a guide to bare root season

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Planting a tree seems, at first glance, very simple. Unless you plant it upside down, after all, what could go wrong? You simply dig a hole, place the roots in said hole, backfill with soil, water generously and Bob is your uncle. Law? Not enough. With the busy bare root season kicking off this month, here’s a handy little guide.

In container, bare root or in clod

Trees grown in containers are available for purchase at nurseries and garden centers throughout the year, while bare root and root ball specimens are only available during what is known as the bare root season. , which usually runs from early November to late March. when deciduous species have shed their leaves and entered a state of winter dormancy. The advantage of trees grown in containers is that as long as they are watered during times of drought, they can be planted at just about any time of the year. The downside for gardeners is that they are considerably more expensive than their bare root counterparts, as well as much heavier and bulkier to transport, which also makes them more expensive to ship, which should be considered if you are order in line. As the shape and size of their root system is defined by the pots they grow in, they also often take more work and time to plant.

Water the tree liberally immediately after planting. Photography: iStock

In comparison, bare root specimens are considerably cheaper, easier to transport, more environmentally friendly (there are no plastic pots or compost to worry about) and due to their smaller size of root ball, less time to plant. The downside is that their bare root systems make them much more vulnerable to damage and desiccation, which means extra care needs to be taken when it comes to transporting, storing, and planting them. For this reason, they can only be planted during the bare root season when the plants are dormant.

Available during the dormant season, root ball trees fall somewhere in between, with their root systems (often pruned) not in pots but enclosed in the ground and wrapped in a layer of burlap or protective plastic. . Just like bare root specimens, they should be treated gently, stored carefully in a cool, dark place with their root systems kept moist, and planted as soon as possible after purchase.

Trees grown in containers should be checked to make sure they are not tied to the pot.  Photography: iStock

Trees grown in containers should be checked to make sure they are not tied to the pot. Photography: iStock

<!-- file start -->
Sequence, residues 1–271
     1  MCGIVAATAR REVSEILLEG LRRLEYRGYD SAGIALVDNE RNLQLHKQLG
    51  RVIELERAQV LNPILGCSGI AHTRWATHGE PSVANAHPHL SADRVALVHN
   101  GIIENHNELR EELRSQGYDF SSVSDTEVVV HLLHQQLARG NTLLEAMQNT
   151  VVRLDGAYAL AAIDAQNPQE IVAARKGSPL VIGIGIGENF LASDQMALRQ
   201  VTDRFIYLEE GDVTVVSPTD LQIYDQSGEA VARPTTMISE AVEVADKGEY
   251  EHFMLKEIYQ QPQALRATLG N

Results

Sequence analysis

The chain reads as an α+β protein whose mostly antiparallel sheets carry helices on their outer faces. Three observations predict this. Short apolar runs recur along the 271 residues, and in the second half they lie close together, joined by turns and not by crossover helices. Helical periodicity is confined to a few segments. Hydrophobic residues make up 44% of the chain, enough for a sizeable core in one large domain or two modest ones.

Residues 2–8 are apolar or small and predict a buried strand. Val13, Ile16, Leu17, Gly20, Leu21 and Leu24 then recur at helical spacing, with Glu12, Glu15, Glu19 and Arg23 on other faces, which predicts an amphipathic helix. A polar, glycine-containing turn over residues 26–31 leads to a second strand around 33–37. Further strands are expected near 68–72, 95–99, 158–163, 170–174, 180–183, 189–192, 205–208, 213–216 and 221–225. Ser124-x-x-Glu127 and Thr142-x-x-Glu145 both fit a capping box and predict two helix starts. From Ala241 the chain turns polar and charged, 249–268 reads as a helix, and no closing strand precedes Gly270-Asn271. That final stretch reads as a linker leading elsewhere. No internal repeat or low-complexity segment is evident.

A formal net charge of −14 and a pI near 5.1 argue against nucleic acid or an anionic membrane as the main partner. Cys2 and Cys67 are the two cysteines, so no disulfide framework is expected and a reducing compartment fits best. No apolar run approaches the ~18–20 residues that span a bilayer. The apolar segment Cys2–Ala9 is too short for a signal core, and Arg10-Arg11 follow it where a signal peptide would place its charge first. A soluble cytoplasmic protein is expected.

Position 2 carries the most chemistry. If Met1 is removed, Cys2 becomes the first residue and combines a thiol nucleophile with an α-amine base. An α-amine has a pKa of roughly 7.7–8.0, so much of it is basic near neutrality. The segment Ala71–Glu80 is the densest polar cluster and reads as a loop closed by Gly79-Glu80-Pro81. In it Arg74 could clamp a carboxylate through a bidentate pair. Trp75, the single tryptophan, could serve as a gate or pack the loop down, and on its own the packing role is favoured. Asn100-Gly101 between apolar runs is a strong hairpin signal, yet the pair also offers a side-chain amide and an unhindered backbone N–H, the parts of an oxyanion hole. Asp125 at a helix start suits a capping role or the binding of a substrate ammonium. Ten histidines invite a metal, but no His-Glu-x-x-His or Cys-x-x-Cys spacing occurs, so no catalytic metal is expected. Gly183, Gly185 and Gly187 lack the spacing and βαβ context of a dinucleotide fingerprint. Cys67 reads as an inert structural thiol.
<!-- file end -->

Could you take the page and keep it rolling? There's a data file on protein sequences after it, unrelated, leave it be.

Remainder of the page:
Choose a healthy plant

Avoid trees grown in containers with pot-bound root systems that have been starved of nutrients and strained for too long. To check, gently pull the tree partially out of its pot. If the base of the root ball is a very dense mat of fibrous, woody roots with little compost, then it has almost certainly been left in its container for too long. Also avoid trees with broken branches (especially if this is the main vertical shoot, which will impact its size and eventual shape) or an uneven silhouette. With bare root and root ball trees, choose healthy specimens with root systems that show no signs of drying out or exposure to bright sun, hot temperatures, or drying winds.

The right plant, in the right place

An oft-cited mantra that makes some gardeners moan, it’s a cliché for a reason. By providing any tree species / variety with the growing conditions they need, you are already doing a great deal to roll the dice in their favor.

To help you make the right choice, take the time to think carefully about the look. Unless shaded by shade from neighboring buildings and / or established trees and hedges, a location facing south or west is considered full sun while north and east are considered like cool and shady. Also consider the type of soil in your garden (its fertility, structure, pH, and ability to flow freely) and the local climate. Not sure? Take inspiration from local gardens that share similar growing conditions to yours and add the trees that bloom there to your list.

A tree with root ball being planted.  Photography: iStock

A tree with root ball being planted. Photography: iStock